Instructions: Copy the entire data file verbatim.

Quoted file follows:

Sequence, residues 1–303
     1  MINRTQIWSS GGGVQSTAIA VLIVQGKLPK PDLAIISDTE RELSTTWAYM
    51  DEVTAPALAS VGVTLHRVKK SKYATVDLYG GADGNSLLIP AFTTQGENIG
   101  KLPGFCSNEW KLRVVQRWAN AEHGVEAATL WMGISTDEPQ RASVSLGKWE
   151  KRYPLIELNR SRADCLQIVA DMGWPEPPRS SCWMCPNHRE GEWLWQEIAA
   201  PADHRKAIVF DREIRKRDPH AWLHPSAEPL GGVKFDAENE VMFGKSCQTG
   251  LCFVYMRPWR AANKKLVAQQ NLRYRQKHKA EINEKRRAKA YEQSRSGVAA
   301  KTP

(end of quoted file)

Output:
Sequence, residues 1–303
     1  MINRTQIWSS GGGVQSTAIA VLIVQGKLPK PDLAIISDTE RELSTTWAYM
    51  DEVTAPALAS VGVTLHRVKK SKYATVDLYG GADGNSLLIP AFTTQGENIG
   101  KLPGFCSNEW KLRVVQRWAN AEHGVEAATL WMGISTDEPQ RASVSLGKWE
   151  KRYPLIELNR SRADCLQIVA DMGWPEPPRS SCWMCPNHRE GEWLWQEIAA
   201  PADHRKAIVF DREIRKRDPH AWLHPSAEPL GGVKFDAENE VMFGKSCQTG
   251  LCFVYMRPWR AANKKLVAQQ NLRYRQKHKA EINEKRRAKA YEQSRSGVAA
   301  KTP